Almond Anise Biscotti (about two dozen)
As you might have gathered from reading this, I don’t think butter has a place in a biscotti recipe. The wonderful dry, crisp texture of a good biscotti has no need for butter.
10 ounces all purpose flour
10½ ounces sugar
¼ tsp kosher salt
1½ tsp baking powder
7 ounces whole almonds, roughly chopped
1 Tbsp whole Anise seed, roughly chopped or lightly crushed
1 Tbsp vanilla extract
4 or 5 eggs
Preheat the oven to 350° and have an ungreased cookie sheet ready.
In a stand mixer, combine all of the ingredients except for the eggs. Mix on low speed until uniform, then add the eggs one and a time. If, after you’ve added the 4th egg, the mixture seems moist enough to form a very stiff dough, skip the 5th.
You may find, however, the dough is still quite dry and requires the 5th egg. Add it, if needed, and mix until a dough forms. (If the reverse is true and you find after the 5th egg the mixture is too loose, you can gently knead in flour, a little at a time, until the dough is thick enough to form a log.)
If you like short, finger length biscotti, divide the dough into two portions. If you like longer ones, leave it whole. Roll the dough into a log(s) the length of the cookie sheet.
Place the log (or logs) of dough onto the sheet and use your hands to pat them flat and shape them, so that the dough is the same width and thickness from end to end.
Bake for 20 minutes, or until the dough has puffed and become firm to the touch. Remove from the oven and cool about 5 minutes. Carefully transfer the log(s) to a cutting board and cool another five minutes. Then use a serrated knife to slice each into 1” wide pieces.
Arrange the sliced biscotti cut side up on a cookie sheet. Bake for 8 minutes, then remove the cookies and flip them over. Bake another 8 minutes.
Cool thoroughly and store in an airtight container. They have an excellent shelf life and will keep for several months.
Jan 07, 2011 · 6:35 PM
Diane, thanks for dropping by! I’ve never used anise oil before, so I’m afraid I don’t have any first hand tips to pass on to you. If it’s as potent as many other flavored oils (peppermint, orange, etc) then perhaps a tsp or so will do the trick. I like to use the seeds because they don’t uniformly flavor the biscotti like anise, but rather provide little flavor bursts here and there. If you have a successful anise oil experiment, let me know!
Dec 08, 2011 · 9:33 PM
Oooh, yum. Am thinking of making this my first biscotti attempt, as presents for my kids’ teachers & all the ‘bring a plate’ functions we have at this time of year. I appreciate that in different hands results would vary, but can you tell me approx. how many biscotti you get from this recipe? Cheers, TheLetterB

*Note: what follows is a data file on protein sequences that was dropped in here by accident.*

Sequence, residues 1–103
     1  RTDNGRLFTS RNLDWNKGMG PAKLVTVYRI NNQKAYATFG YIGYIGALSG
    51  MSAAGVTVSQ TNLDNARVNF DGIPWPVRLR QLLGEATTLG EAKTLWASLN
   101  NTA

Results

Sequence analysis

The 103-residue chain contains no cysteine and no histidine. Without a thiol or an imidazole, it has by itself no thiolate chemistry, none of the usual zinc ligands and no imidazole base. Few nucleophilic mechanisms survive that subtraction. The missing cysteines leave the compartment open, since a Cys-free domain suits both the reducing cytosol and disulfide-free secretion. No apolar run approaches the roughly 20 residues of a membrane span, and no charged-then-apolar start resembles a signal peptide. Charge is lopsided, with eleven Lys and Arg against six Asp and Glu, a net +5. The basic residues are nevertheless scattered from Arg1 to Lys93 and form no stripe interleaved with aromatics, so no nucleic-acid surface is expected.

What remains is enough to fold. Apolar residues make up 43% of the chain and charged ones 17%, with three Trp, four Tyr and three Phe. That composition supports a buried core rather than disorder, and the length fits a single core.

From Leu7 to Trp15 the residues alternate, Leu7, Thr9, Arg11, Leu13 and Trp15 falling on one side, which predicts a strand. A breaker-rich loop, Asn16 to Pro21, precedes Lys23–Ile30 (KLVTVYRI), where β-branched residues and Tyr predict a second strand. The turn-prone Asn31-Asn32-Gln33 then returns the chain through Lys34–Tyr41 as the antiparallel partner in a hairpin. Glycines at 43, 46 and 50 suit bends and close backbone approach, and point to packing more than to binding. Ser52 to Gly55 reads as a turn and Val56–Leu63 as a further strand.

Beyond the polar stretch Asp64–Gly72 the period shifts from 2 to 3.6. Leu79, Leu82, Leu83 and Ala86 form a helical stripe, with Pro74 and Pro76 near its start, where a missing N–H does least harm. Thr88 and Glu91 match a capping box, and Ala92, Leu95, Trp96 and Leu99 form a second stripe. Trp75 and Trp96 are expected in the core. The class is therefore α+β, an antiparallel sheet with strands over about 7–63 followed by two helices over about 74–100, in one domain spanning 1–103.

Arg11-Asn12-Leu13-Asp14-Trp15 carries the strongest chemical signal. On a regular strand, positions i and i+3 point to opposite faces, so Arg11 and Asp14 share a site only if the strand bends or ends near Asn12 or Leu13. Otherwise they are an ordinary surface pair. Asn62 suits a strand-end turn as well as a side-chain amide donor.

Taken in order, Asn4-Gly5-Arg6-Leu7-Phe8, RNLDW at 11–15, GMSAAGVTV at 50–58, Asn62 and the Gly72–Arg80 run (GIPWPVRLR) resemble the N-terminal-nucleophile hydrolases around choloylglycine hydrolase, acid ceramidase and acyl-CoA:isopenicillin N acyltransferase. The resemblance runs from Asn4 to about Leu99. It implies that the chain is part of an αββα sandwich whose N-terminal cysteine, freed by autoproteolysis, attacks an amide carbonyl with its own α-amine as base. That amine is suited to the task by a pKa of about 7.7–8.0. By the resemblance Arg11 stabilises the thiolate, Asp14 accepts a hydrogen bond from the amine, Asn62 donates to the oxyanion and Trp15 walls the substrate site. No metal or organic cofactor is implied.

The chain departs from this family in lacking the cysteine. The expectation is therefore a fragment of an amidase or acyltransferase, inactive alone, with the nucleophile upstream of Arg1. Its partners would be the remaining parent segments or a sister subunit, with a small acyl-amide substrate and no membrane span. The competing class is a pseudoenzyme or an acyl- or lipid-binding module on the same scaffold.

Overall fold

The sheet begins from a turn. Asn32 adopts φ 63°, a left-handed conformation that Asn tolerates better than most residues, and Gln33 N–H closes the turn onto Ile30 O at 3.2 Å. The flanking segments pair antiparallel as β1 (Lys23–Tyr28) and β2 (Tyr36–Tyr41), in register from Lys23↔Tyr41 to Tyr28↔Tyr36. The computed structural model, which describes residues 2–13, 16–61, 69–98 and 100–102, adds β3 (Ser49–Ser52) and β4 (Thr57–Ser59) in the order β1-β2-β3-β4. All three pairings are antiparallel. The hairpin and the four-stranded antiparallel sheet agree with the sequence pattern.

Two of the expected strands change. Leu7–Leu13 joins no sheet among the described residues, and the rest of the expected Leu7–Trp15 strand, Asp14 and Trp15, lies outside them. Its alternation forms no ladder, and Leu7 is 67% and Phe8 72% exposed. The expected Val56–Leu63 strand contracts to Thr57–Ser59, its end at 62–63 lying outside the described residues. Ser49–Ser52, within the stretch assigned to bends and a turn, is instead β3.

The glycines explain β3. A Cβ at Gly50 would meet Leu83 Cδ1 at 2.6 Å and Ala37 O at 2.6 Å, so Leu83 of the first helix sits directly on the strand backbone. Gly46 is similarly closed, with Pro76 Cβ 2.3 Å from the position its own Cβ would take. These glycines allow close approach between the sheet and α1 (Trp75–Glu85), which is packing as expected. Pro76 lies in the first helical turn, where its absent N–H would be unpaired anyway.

Dec 09, 2011 · 12:11 PM
@TheLetterB, you got it! I need to find a better place to put my yield for each recipe, I think where it’s located and the pale color make it pretty easy to miss. Happy Holiday baking!!
Dec 19, 2011 · 11:11 AM
@jmanjenks, that’s awesome! The almond-anise version is my all time favorite, so perfect with a nice cup of coffee!! Merry Christmas!
Jul 25, 2012 · 5:21 AM
Love your blog. I tried these out today. I loved the flavour of the almond and anise but the mixture was an unholy wet mess. And that was with only 3 eggs.
I loosely translated 10 ounces of flour to 1 1/4 cups of flour. Was that too little? I kept adding flour and ended with 3 cups of flour but my dough was still very soft. The biscotti is baking right now and smells heavenly. Please tell me how many cups 10 ounces is.
Jul 25, 2012 · 9:43 AM
@Radhika, oh nooo! I’m sorry to hear of your biscotti woes. I’m glad you were able to adjust the flour to make the dough manageable! A cup of flour can weigh anywhere between 4 and 5 ounces (depending on the type), so ten ounces of flour would be around 2 or 2 1/2 cups of flour. That kind of variation is why I prefer baking with weight, you know exactly what you’re getting into every time! Sugar also weighs less than 8 ounces per cup, so not having enough of that would also contribute to the dough being too soft too.
You can get a great kitchen scale for about $25 online or at stores like Bed, Bath and Beyond or Target. Buying a scale may or may not be something you’re interested in, but if you’d like to learn more about why I write all of my recipes by weight, I’ve written a blog post about it.
Dec 18, 2012 · 10:52 PM
Hi Tara! Oh, hurray! I totally love these too, and I love that you love ‘em with an extra flavor boost. It makes me really mad to see biscotti recipes with butter, they’re so icky. Nice and dry like this, they’re perfect for dunking!
Feb 11, 2013 · 12:06 AM
OK….made the biscotti tonight and maybe should have stopped before egg #4….added more flour and managed to “pour” it out on the cookie sheet…did not have to flatten b/c it kind of “puddled”….baked fine,cut fine, taste is wonderful….QUESTION…do you use your eggs at room temp.?…and would it be a baking “sin” to back down to 3 eggs…I did use a scale so I know I was on “target” with the recipe…any thoughts on this…I had too many almonds in the mix to pitch it and it did come out ok….LOVE LOVE LOVE the flavor…first time I have used star anise…and I ran it through a coffee grinder to break it up….Seems your recipes are stretching me in a very Good Way….Thanks!
Feb 11, 2013 · 9:12 AM
Hi pj! Glad to know that despite the soft texture the biscotti themselves turned out nicely, whew! You can absolutely cut back the eggs. When I make these at work, I never use a specific number of eggs, I just add ‘em till the dough looks “right.” I use cold eggs and room temp eggs, just whatever’s on hand. For biscotti egg temperature’s not nearly as important as with, say, a layer cake. The size of your eggs plus the type/brand of flour can dramatically influence how many eggs the dough can take, too. Hope the extra info helps! So glad the star anise turned out tasty too.